Richard Gadd

Code 404 – Sky One

Great news today that Sky One has greenlit a full series of the comedy Code 404 starring Daniel Mays, Stephen Graham, and Richard Gadd. It is expected to run for six, half-hour episodes later this year.

Deadline has the full story: Code 404 is set in the near future and will revolve around two Detective Inspectors, DI John Major (Daniel Mays) and DI Roy Carver (Stephen Graham), who are the top crime fighting duo in the Unit. But when an undercover sting goes horribly wrong, Major is gunned down on the job and killed. How will the SIU function without Major? It doesn’t have to. As an ‘asset’ considered too valuable to lose, Major’s body is fast-tracked into an experimental Artificial Intelligence project to bring him back from the dead. The only problem is, Major 2.0 may look like and sound like the original, but something has been lost in translation – quite a lot actually. His arrogant demeanor and gung-ho approach remain but his crimefighting instincts have completely deserted him.

The series is produced by Broadchurch and Tin Star indie Kudos and Water and Power Productions It was written by Horrible Histories and Not Going Out writer Daniel Peak and directed by Al Campbell. The successful, but never-aired, pilot was directed by Ben Palmer.

Sky’s Jon Mountague said: “What a coup, Stephen Graham and Daniel Mays are the dream team – the perfect Carver and Major. Danny Peak’s scripts are endlessly hilarious and very, very arresting. Can’t wait.”

Water & Power’s Tom Miller said, “Danny and Stephen are an electric double-act, and with Daniel Peak’s brilliant scripts we can’t wait to bring this to life for Sky One.”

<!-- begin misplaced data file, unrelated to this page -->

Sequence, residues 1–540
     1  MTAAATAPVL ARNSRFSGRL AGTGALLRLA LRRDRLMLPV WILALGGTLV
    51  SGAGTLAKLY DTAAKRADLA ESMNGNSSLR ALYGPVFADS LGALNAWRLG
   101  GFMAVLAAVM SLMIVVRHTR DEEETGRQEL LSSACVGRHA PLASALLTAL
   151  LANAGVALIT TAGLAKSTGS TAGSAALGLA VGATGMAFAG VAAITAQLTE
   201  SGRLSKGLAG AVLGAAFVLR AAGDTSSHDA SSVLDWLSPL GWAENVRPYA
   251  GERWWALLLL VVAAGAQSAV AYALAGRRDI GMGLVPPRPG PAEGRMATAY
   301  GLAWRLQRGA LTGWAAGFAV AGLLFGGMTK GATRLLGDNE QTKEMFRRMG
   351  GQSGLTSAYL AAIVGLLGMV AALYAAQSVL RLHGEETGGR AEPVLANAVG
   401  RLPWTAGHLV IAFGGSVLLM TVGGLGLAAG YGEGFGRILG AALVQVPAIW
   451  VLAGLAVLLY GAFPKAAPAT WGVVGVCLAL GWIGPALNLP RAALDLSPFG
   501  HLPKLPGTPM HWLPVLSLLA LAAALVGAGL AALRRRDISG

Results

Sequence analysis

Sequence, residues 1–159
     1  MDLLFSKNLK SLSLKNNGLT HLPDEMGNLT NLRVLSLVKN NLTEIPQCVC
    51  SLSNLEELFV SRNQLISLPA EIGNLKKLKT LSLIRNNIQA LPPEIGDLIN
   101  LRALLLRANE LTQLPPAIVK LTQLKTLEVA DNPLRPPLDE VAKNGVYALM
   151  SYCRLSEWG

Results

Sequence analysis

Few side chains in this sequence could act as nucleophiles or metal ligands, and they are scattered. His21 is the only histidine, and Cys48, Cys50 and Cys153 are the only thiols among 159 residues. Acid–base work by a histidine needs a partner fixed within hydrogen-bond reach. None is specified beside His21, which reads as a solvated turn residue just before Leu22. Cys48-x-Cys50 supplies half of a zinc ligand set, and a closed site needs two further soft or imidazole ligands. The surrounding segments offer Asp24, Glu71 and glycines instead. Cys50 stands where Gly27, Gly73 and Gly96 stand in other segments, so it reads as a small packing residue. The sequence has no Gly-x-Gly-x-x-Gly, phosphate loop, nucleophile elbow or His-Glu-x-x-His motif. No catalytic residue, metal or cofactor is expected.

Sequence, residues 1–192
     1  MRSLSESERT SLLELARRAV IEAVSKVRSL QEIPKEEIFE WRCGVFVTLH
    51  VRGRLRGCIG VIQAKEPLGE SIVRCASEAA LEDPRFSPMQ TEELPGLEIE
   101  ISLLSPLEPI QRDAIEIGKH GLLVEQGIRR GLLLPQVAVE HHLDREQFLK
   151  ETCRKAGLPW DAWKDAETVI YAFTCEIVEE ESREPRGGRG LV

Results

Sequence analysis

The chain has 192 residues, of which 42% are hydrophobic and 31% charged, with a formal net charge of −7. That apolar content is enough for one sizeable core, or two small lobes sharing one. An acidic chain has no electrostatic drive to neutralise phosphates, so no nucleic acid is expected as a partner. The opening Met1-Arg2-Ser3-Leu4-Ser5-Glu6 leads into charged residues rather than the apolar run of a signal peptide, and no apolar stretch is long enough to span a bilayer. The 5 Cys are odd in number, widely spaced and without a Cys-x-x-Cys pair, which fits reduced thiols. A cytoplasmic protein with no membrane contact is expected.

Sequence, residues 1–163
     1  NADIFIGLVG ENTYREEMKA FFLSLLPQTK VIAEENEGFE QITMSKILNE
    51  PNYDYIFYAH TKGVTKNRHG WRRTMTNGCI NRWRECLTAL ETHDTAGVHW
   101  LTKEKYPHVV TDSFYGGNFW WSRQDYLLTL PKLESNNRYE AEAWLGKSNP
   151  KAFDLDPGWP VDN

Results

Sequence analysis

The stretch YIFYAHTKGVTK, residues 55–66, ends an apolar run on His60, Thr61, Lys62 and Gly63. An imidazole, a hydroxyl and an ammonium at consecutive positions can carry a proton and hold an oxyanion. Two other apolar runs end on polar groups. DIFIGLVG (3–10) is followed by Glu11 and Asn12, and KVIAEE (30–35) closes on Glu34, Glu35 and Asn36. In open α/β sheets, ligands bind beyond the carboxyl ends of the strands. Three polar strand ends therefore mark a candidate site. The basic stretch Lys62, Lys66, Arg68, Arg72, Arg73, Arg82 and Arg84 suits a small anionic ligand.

Kudos’ Temple added, “We couldn’t be more delighted to have such outstanding actors bringing heart and passion to these joyful scripts – this really is going to be great.”

Remember these tweets from this past summer? Well, they were on-set for Code 404!

Filming on the full series is expected to begin in March 2019 with transmission later this year on Sky One.

Check back for more updates!

Follow Daniel Mays on Twitter @DanielMays9

©DanielMays.co.uk

Against the Law – DVD

Against the Law is released on DVD today. Daniel Mays stars as Peter Wildeblood.

First aired on BBC Two in July as part of the BBC’s Gay Britannia season, Against the Law is an emotional look into life of homosexual men in 1950’s and 1960’s Britain.

2017 sees the 50th anniversary of the 1967 Sexual Offences Act, which decriminalised homosexual acts in England and Wales between adult males, in private. While it would take several decades before homosexuals would reach anything like full equality in this country, this legislation marks the beginning of this journey.

But the dramatic events that led to this Act took place over ten years before and are at the heart of Against the Law, a powerful factual drama starring Daniel Mays and Mark Gatiss. Mays plays Peter Wildeblood, a thoughtful and private gay journalist whose lover, under pressure from the authorities, turned Queen’s evidence against him in one of the most explosive court cases of the 1950s – the infamous Montagu Trial. Wildeblood, and his friends Lord Montagu and Michael Pitt-Rivers, were found guilty of homosexual offences and jailed. But the public thought the trial unfair and forced a reluctant government to set up a committee to investigate whether homosexuality should be legalised. The committee was led by Sir John Wolfenden. With his career in tatters and his private life painfully exposed, Peter Wildeblood began his sentence a broken man, but he emerged from Wormwood Scrubs a year later determined to do all he could to change the way these draconian laws against homosexuality impacted on the lives of men like him. He was the only openly gay man to testify before the Wolfenden committee about the brutal reality of being gay in this country at that time. In 1957 the committee recommended that the laws be changed. It would take a further ten years before these recommendations would become law.